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Rags to Riches CEOs: Ursula Burns


A gift for math added up to a ticket out of the projects.

Ursula M. Burns graduated from college nearly 30 years ago, when "women CEOs were non-existent" and "black women CEOs were unimaginable," as she told this spring's graduating class at Rochester Institute of Technology.

"I can assure you that at my commencement, no one was pointing at me and predicting that I would become CEO of anything," she said.

The audience had to laugh. Just a day before, Burns had been named CEO of not just any company, but Xerox (XRX), a $17 billion industry leader. She moved into the top spot in July, taking over from Anne Mulcahy, who had led the firm for eight years. With the change, Burns became the first black woman to be named CEO of a Fortune 500 company. The transition also marked the first time a woman CEO had stepped aside and named another woman as her successor.

But the distinguishing traits of Burns's corporate rise didn't end there. As the press prepared biographies of the new leader, they uncovered a success story remarkably different from that of her predecessor: Where Malachy, the daughter of a New York publishing house editor, had grown up in a middle-class Long Island, New York, home, Burns had spent her early years on the Lower East Side of Manhattan in a low-income housing project called The Baruch Houses.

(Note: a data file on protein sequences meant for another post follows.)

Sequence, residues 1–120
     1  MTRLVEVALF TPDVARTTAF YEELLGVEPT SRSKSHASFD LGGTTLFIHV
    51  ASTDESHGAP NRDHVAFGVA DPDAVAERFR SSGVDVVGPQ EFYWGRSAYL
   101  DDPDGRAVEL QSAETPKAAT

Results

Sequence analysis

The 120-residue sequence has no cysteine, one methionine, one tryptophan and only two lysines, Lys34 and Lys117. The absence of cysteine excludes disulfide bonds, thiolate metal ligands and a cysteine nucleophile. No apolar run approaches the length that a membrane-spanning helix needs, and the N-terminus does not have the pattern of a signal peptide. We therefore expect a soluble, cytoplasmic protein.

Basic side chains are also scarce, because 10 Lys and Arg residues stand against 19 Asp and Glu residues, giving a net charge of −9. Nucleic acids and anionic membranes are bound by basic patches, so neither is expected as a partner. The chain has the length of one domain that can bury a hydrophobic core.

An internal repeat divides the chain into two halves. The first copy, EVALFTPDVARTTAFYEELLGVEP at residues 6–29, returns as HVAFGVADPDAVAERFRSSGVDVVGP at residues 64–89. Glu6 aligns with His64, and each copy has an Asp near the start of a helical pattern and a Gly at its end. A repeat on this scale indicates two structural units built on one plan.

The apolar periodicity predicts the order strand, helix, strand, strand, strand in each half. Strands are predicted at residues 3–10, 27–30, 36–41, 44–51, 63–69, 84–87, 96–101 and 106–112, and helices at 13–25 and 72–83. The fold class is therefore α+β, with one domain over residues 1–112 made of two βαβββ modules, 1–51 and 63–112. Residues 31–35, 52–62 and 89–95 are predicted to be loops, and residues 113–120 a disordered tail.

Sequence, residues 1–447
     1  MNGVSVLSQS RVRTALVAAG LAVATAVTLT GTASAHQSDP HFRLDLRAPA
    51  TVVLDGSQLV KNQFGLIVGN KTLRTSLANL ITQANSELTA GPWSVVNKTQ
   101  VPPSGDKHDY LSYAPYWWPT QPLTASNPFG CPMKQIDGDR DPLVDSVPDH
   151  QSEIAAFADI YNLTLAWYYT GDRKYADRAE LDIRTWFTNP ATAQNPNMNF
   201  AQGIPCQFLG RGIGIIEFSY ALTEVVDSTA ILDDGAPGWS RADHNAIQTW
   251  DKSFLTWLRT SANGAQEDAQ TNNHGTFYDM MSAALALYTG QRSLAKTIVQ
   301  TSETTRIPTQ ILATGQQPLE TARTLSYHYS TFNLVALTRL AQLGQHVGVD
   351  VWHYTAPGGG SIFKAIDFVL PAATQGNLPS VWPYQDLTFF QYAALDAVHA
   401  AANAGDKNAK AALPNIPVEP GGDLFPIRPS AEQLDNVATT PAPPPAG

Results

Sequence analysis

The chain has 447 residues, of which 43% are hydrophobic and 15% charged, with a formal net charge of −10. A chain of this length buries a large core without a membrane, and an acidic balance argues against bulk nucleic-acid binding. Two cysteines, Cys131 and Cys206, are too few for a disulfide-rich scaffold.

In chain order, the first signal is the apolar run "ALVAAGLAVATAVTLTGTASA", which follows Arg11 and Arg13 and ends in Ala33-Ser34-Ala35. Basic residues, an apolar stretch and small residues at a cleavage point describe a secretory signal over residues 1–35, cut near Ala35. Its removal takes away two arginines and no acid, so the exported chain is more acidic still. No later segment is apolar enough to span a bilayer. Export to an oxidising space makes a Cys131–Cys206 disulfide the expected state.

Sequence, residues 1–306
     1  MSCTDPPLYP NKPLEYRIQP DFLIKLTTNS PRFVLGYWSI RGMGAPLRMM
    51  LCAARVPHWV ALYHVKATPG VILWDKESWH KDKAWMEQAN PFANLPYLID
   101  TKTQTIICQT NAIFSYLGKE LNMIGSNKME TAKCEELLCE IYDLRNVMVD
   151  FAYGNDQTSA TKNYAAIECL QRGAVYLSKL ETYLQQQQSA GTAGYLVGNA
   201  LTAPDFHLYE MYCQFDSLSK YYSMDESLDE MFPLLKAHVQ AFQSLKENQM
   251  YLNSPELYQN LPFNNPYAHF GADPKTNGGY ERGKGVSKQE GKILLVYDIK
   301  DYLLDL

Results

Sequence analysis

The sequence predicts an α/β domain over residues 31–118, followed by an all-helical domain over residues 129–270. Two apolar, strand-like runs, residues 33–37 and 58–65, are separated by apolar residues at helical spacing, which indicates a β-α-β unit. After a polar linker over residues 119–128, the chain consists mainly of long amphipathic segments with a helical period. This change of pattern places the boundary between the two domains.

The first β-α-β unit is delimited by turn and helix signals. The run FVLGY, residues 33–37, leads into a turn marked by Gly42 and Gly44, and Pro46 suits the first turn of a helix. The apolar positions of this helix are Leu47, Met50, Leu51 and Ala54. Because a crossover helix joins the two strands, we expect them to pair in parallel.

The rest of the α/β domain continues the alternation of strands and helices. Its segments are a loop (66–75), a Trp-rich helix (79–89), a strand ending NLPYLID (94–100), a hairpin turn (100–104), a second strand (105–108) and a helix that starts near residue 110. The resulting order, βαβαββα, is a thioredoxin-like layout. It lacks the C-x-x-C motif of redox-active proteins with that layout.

Raised by a single mother, she was one of three children who shared two absentee fathers. To pay the bills and send her children to Catholic school, Burns's mother, Olga, ran an at-home daycare center and took in ironing.

Surprisingly, Burns has been known to talk about her early life in the projects with some fondness. In those days, the idea of high-density subsidized housing was still new, and the experiment held some promise. Still, as writer Michael Wilson pointed out in a New York Times story last spring, "It was not all hopscotch-and-shaved-ice idylls." The Baruch Houses, he wrote, opened in 1953 "amid dirty alleys and half-demolished buildings. Born in 1958, Ursula M. Burns, was not yet 3 when a group of five teenagers shot and killed a 76-year-old man in the project for $2.60."

Burns has also acknowledged that in her neighborhood, "the common denominator and great equalizer was poverty," but if she grew up at a disadvantage to other kids in her school, she was hardly aware of it.
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